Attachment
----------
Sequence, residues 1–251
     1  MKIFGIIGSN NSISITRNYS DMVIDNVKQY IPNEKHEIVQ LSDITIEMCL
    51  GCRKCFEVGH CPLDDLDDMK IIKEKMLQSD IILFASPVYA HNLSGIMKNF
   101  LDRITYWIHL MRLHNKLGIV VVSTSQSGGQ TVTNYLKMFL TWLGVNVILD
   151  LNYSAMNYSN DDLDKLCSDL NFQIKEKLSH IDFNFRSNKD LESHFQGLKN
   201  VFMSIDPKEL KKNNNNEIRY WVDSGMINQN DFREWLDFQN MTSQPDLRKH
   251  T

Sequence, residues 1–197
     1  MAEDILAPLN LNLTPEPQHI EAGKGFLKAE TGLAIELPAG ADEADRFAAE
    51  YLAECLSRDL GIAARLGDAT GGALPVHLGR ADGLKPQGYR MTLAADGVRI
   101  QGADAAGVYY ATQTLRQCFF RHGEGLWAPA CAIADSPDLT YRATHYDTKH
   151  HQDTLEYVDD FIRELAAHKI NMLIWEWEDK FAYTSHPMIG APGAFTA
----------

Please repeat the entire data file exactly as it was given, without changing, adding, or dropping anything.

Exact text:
Sequence, residues 1–251
     1  MKIFGIIGSN NSISITRNYS DMVIDNVKQY IPNEKHEIVQ LSDITIEMCL
    51  GCRKCFEVGH CPLDDLDDMK IIKEKMLQSD IILFASPVYA HNLSGIMKNF
   101  LDRITYWIHL MRLHNKLGIV VVSTSQSGGQ TVTNYLKMFL TWLGVNVILD
   151  LNYSAMNYSN DDLDKLCSDL NFQIKEKLSH IDFNFRSNKD LESHFQGLKN
   201  VFMSIDPKEL KKNNNNEIRY WVDSGMINQN DFREWLDFQN MTSQPDLRKH
   251  T

Sequence, residues 1–197
     1  MAEDILAPLN LNLTPEPQHI EAGKGFLKAE TGLAIELPAG ADEADRFAAE
    51  YLAECLSRDL GIAARLGDAT GGALPVHLGR ADGLKPQGYR MTLAADGVRI
   101  QGADAAGVYY ATQTLRQCFF RHGEGLWAPA CAIADSPDLT YRATHYDTKH
   151  HQDTLEYVDD FIRELAAHKI NMLIWEWEDK FAYTSHPMIG APGAFTA